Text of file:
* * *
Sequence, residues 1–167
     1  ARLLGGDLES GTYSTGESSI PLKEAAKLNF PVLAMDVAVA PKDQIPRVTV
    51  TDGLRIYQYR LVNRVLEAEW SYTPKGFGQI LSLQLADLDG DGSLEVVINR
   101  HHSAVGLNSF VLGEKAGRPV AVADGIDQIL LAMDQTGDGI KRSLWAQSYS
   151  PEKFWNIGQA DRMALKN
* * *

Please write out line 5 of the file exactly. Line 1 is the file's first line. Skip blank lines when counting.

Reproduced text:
   151  PEKFWNIGQA DRMALKN